prev | next
Amdt5.3.6.1 Overview of Re-Prosecution After Acquittal

Fifth Amendment:

No person shall be held to answer for a capital, or otherwise infamous crime, unless on a presentment or indictment of a Grand Jury, except in cases arising in the land or naval forces, or in the Militia, when in actual service in time of War or public danger; nor shall any person be subject for the same offence to be twice put in jeopardy of life or limb; nor shall be compelled in any criminal case to be a witness against himself, nor be deprived of life, liberty, or property, without due process of law; nor shall private property be taken for public use, without just compensation.

That a defendant may not be retried following an acquittal is “the most fundamental rule in the history of double jeopardy jurisprudence.” 1 “[T]he law attaches particular significance to an acquittal. To permit a second trial after an acquittal, however mistaken the acquittal may have been, would present an unacceptably high risk that the Government, with its vastly superior resources, might wear down the defendant so that ‘even though innocent he may be found guilty.’” 2 Although, in other areas of double jeopardy doctrine, consideration is given to the public-safety interest in having a criminal trial proceed to an error-free conclusion, no such balancing of interests is permitted with respect to acquittals, “no matter how erroneous,” no matter even if they were “egregiously erroneous.” 3 Thus, an acquittal resting on the trial judge’s misreading of the elements of an offense precludes further prosecution.4

The acquittal being final, there is no governmental appeal constitutionally possible from such a judgment. This was firmly established in Kepner v. United States,5 which arose under a Philippines appeals system in which the appellate court could make an independent review of the record, set aside the trial judge’s decision, and enter a judgment of conviction.6 Previously, under the Due Process Clause, there was no barrier to state provision for prosecutorial appeals from acquittals.7 But there are instances in which the trial judge will dismiss the indictment or information without intending to acquit or in circumstances in which retrial would not be barred, and the prosecution, of course, has an interest in seeking on appeal to have errors corrected. Until 1971, however, the law providing for federal appeals was extremely difficult to apply and insulated from review many purportedly erroneous legal rulings,8 but in that year Congress enacted a new statute permitting appeals in all criminal cases in which indictments are dismissed, except in those cases in which the Double Jeopardy Clause prohibits further prosecution.9 In part because of the new law, the Court has dealt in recent years with a large number of problems in this area.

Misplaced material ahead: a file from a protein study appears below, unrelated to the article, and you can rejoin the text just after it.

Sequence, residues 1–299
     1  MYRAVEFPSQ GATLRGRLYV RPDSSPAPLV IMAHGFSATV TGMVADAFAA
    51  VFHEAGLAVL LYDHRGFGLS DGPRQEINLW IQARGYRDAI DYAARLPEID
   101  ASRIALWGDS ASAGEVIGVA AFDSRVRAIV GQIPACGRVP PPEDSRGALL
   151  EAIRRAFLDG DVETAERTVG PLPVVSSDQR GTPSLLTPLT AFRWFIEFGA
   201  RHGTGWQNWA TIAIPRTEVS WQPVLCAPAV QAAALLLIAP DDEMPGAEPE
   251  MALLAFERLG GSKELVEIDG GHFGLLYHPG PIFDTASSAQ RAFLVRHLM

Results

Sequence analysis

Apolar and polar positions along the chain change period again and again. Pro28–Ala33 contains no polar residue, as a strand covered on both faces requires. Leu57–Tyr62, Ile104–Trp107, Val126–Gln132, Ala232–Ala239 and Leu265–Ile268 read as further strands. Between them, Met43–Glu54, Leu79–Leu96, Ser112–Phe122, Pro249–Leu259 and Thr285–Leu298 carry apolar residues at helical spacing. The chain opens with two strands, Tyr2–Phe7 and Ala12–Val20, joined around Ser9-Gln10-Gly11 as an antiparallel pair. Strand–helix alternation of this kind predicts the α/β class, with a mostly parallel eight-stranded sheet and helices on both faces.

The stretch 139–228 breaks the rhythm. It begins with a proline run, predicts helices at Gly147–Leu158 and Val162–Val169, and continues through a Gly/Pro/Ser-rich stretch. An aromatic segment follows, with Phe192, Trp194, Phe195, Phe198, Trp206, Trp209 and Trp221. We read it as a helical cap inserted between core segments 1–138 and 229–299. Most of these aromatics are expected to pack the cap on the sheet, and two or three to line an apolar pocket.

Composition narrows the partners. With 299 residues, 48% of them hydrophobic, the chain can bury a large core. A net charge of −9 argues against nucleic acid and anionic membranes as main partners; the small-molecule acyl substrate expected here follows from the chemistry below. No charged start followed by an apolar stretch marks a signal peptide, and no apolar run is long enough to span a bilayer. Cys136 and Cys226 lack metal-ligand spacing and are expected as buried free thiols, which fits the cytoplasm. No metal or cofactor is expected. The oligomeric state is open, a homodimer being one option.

United States v. Martin Linen Supply Co., 430 U.S. 564, 571 (1977). back
United States v. Scott, 437 U.S. 82, 91 (1978) (quoting Green v. United States, 355 U.S. 184, 188 (1957)). back
Burks v. United States, 437 U.S. 1, 16 (1978); Fong Foo v. United States, 369 U.S. 141, 143 (1962). For evaluation of those interests of the defendant that might support the absolute rule of finality, and rejection of all such interests save the right of the jury to acquit against the evidence and the trial judge’s ability to temper legislative rules with leniency, see Peter Westen & Richard Drubel, Toward a General Theory of Double Jeopardy, 1978 Sup. Ct. Rev. 81, 122–37. back
Evans v. Michigan, 568 U.S. 313 (2013) (acquittal after judge ruled the prosecution failed to prove that a burned building was not a dwelling, but such proof was not legally required for the arson offense charged). back
195 U.S. 100 (1904). The case interpreted not the constitutional provision but a statutory provision extending double jeopardy protection to the Philippines. The Court has described the case, however, as correctly stating constitutional principles. See, e.g., United States v. Wilson, 420 U.S. 332, 346 n.15 (1975); United States v. DiFrancesco, 449 U.S. 117, 113 n.13 (1980). back
In dissent, Justice Oliver Wendell Holmes, joined by three other Justices, propounded a theory of “continuing jeopardy,” so that until the case was finally concluded one way or another, through judgment of conviction or acquittal, and final appeal, there was no second jeopardy no matter how many times a defendant was tried. 195 U.S. at 134. The Court has numerous times rejected any concept of “continuing jeopardy.” E.g., Green v. United States, 355 U.S. 184, 192 (1957); United States v. Wilson, 420 U.S. 332, 351–53 (1975); Breed v. Jones, 421 U.S. 519, 533–35 (1975). back
Palko v. Connecticut, 302 U.S. 319 (1937). Palko is no longer viable. Cf. Greene v. Massey, 437 U.S. 19 (1978). back
The Criminal Appeals Act of 1907, 34 Stat. 1246, was “a failure . . . , a most unruly child that has not improved with age.” United States v. Sisson, 399 U.S. 267, 307 (1970). See also United States v. Oppenheimer, 242 U.S. 85 (1916); Fong Foo v. United States, 369 U.S. 141 (1962). back
Title III of the Omnibus Crime Control Act, Pub. L. No. 91-644, 84 Stat. 1890, 18 U.S.C. § 3731. Congress intended to remove all statutory barriers to governmental appeal and to allow appeals whenever the Constitution would permit, so that interpretation of the statute requires constitutional interpretation as well. United States v. Wilson, 420 U.S. 332, 337 (1975). See Sanabria v. United States, 437 U.S. 54, 69 n.23 (1978), and id. at 78 (Stevens, J., concurring). back